You already say your daughter is balky about learning the new language. If you push a tutor at her and pressure her to be at a certain language proficiency before a very specific deadline -- the first day of first grade -- it may well backfire as she gets more, not less, resistant under the pressure. I know you are at this point probably saying: But we wouldn't pressure her, we'll work on it at home, we'll be positive and give rewards, etc. That may all be true and you might proceed very carefully and have a great tutor -- but to HER it will feel like pressure no matter how you do it. She is smart, and will be well aware that she is studying the language to be ready for the next school year. That will be pressure in her mind.

I would give her the extra year of K, especially as she already is young for her grade level. It does trouble me that you depict K in this country as "play-doh and finger painting" and I hope there is more actual learning than that going on, but in your case, the language issue trumps everything. If she enters first grade unsure about language, every subject -- every single one, including math, which will be taught and explained in the native language -- is going to be affected. Give. Her. Time.

Also, please don't overthink this decision as something that will harm her forever. You write, "this decision actually has massive implications, effecting all the kids she will know and grow up with, the age she will be when she makes certain decisions, and potentially the amount she is challenged in school, how old she is when she learns materials, etc."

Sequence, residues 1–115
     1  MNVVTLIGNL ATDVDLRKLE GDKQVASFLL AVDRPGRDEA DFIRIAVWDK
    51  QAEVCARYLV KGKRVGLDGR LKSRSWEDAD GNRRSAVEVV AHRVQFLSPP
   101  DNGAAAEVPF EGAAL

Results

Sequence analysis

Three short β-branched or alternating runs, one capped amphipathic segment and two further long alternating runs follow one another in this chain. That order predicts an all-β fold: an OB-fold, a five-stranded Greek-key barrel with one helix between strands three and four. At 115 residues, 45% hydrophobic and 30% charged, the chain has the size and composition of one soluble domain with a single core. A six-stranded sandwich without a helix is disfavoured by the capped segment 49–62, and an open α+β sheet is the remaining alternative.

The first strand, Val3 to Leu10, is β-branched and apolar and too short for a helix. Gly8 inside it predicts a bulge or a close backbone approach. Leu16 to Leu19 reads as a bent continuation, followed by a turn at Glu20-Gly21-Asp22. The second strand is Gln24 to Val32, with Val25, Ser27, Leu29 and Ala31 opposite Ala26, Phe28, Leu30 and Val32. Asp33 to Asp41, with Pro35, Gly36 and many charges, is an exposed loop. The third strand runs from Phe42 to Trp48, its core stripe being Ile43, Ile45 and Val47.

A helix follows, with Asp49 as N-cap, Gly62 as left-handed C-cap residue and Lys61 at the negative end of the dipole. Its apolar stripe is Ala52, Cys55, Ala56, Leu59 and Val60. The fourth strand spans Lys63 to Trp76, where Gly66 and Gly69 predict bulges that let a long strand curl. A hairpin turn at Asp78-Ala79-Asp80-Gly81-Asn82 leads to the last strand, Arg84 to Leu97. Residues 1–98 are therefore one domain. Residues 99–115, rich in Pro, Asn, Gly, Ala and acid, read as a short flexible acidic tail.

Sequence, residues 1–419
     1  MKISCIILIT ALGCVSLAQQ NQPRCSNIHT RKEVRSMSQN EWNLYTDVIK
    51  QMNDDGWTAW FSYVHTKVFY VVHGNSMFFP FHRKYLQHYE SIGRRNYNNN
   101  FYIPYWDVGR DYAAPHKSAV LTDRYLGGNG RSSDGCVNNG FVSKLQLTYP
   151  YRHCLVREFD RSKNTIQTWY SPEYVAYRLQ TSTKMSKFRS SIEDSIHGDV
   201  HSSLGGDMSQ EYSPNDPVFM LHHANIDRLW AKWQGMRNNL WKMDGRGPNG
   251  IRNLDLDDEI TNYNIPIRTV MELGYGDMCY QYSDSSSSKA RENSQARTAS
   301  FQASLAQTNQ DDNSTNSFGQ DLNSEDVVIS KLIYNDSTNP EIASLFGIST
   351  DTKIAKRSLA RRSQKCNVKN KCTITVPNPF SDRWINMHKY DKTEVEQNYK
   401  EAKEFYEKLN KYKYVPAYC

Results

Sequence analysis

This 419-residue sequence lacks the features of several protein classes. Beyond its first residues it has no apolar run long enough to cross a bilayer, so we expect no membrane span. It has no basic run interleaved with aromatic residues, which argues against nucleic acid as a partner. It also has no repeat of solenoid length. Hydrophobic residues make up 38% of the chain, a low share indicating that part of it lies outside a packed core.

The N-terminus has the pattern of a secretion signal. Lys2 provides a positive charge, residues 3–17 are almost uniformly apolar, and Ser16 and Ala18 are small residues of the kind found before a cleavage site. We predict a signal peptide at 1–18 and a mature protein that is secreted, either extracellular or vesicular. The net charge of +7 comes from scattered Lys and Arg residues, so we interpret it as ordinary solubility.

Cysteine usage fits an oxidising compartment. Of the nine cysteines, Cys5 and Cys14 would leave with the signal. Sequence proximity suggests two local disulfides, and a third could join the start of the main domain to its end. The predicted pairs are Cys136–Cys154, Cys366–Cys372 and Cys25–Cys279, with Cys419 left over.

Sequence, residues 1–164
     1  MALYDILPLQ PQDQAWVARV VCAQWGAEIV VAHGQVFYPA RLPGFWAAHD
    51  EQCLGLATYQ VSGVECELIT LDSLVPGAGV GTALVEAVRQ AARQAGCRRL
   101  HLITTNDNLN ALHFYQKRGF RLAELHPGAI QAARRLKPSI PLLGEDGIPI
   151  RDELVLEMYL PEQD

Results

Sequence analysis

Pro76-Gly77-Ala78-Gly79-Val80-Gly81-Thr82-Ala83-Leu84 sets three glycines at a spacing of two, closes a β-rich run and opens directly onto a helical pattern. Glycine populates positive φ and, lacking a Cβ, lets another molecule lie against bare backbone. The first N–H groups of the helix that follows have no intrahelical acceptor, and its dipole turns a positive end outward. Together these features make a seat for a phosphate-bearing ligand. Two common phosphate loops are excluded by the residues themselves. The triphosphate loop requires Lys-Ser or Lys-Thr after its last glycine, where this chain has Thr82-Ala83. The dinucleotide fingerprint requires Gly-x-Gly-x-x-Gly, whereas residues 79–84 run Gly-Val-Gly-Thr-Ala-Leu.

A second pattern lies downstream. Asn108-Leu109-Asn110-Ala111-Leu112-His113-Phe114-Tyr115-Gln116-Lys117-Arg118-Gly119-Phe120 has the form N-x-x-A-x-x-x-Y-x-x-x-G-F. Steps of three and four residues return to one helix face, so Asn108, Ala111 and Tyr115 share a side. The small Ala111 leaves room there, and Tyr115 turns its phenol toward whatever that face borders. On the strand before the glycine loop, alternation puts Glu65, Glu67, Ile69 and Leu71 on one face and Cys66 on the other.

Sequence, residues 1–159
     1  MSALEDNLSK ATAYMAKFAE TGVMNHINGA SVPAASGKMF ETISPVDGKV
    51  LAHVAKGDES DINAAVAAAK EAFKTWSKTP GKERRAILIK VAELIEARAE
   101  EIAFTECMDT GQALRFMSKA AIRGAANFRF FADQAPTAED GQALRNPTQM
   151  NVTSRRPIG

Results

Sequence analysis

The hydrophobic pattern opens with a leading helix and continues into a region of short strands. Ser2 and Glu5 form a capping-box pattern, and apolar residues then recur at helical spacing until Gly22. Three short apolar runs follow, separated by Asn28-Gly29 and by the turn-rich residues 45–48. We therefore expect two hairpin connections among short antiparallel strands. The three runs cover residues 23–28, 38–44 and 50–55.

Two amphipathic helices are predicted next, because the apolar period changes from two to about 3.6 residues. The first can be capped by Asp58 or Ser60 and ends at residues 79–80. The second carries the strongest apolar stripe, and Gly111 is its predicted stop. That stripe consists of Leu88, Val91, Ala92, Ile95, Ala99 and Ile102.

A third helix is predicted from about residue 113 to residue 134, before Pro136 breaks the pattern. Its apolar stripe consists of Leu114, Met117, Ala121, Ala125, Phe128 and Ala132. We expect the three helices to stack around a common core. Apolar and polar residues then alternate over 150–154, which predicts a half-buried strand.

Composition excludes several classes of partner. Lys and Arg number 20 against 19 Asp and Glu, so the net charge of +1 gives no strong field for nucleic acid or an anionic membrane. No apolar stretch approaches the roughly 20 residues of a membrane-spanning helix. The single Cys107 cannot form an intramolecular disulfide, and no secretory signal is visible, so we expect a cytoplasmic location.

It isn't really as massive as your feelings are telling you it is. It sure looks that way when it's your first child, I agree! I would have felt the same way when my daughter was in K! But please believe me -- in a few years you may wonder why you saw it as such a huge deal for her to have another year of K. She will find her own friends no matter what kids she knows in school; and the extra year of K will not really affect life-altering decisions for her later on. Truly. It might mean she's a bit older when she's faced with the social pressures that come later in school - wouldn't that be a good thing, not a bad one?

I know kids who repeated K for much less vital reasons than needing fluency in another language and they were fine -- in fact, their parents all say that they are glad they did it. So having a truly serious reason like another year of language practice would make me even more likely to say yes to another year of K. And the only family I know who did not repeat K when teachers advised it, (because the child was very smart academically but very disorganized) found that their child took several more years to get her act together once she entered elementary grades -- she should have had that extra year of maturing, and not getting that extra year put her behind her peers despite her being academically very bright.